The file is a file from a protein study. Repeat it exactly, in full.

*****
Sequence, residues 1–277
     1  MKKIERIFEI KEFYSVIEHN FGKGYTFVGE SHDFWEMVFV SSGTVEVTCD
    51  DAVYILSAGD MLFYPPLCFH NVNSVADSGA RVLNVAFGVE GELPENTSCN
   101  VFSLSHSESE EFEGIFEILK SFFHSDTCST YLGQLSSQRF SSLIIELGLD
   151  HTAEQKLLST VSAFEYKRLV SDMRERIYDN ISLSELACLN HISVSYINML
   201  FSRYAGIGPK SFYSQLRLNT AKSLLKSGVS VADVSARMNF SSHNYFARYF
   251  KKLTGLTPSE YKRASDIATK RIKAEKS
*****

Sequence, residues 1–277
     1  MKKIERIFEI KEFYSVIEHN FGKGYTFVGE SHDFWEMVFV SSGTVEVTCD
    51  DAVYILSAGD MLFYPPLCFH NVNSVADSGA RVLNVAFGVE GELPENTSCN
   101  VFSLSHSESE EFEGIFEILK SFFHSDTCST YLGQLSSQRF SSLIIELGLD
   151  HTAEQKLLST VSAFEYKRLV SDMRERIYDN ISLSELACLN HISVSYINML
   201  FSRYAGIGPK SFYSQLRLNT AKSLLKSGVS VADVSARMNF SSHNYFARYF
   251  KKLTGLTPSE YKRASDIATK RIKAEKS